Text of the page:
Individual semi-structured interviews were conducted with 21 caregivers of ALS patients. Audio-taped interviews were transcribed and data were analyzed thematically.
A total of four global support needs emerged: “more personal time”, “assistance in applying for resources”, “counseling”, and “peer contact”. Despite their needs, caregivers are reluctant to apply for and accept support. They saw their own needs as secondary to the needs of the patients.
Significance of results
ALS seems to lead to an intensive caregiving situation with multiple needs emerging in a short period. This study offers targets for the development of supportive interventions. A proactive approach seems essential, acknowledging the importance of the role of the caregivers in the care process at an early stage, informing them about the risk of burden, monitoring their wellbeing, and repeatedly offering support opportunities. Using e-health may help tailor interventions to the caregivers’ support needs.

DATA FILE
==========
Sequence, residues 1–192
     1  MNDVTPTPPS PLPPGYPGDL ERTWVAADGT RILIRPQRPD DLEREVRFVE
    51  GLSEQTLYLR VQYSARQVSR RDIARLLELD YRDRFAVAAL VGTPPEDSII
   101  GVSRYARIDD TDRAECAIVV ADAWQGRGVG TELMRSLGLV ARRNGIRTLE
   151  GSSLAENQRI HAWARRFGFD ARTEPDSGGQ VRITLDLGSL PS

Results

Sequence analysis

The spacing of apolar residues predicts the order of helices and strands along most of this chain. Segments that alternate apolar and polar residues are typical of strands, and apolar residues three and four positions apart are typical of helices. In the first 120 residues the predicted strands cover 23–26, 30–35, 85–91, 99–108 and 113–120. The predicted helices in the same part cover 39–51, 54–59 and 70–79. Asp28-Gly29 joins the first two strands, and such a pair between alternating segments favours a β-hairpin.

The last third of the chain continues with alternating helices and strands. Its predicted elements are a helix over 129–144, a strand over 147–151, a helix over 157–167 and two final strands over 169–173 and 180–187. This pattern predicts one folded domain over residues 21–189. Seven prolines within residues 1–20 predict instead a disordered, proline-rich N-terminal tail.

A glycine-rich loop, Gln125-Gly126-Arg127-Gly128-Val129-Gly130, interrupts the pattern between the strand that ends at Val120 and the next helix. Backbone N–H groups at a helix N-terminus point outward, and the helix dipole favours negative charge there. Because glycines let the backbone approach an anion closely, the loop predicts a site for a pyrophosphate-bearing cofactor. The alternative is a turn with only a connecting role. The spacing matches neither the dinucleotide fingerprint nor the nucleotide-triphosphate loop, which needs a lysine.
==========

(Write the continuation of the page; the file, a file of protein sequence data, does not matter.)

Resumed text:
During and after hospitalisation, older adults are recommended to consume 1·2–1·5 g of protein/kg body weight per d (g/kg per d) to improve recovery. This randomised controlled trial studied the effectiveness of a 12-week intervention with protein-enriched foods and drinks by following-up seventy-five older patients (mean age: 76·8 (sd 6·9) years) during their first 6 months after hospital discharge. Primary outcomes were protein intake and physical performance (measured with Short Physical Performance Battery (SPPB)). Secondary outcomes for physical recovery were gait speed, chair-rise time, leg-extension strength, hand-grip strength, body weight, nutritional status (Mini Nutritional Assessment), independence in activities of daily living (ADL) and physical activity. The intervention group consumed more protein during the 12-week intervention period compared with the control group (P<0·01): 112 (sd 34) g/d (1·5 (sd 0·6) g/kg per d) v. 78 (sd 18) g/d (1·0 (sd 0·4) g/kg per d). SPPB total score, gait speed, chair-rise time, body weight and nutritional status improved at week 12 compared with baseline (time effect P<0·05), but were not different between groups. Leg-extension strength, hand-grip strength and independence in ADL did not change. In conclusion, protein-enriched products enabled older adults to increase their protein intake to levels that are higher than their required intake. In these older adults with already adequate protein intakes and limited physical activity, protein enrichment did not enhance physical recovery in the first 6 months after hospital discharge.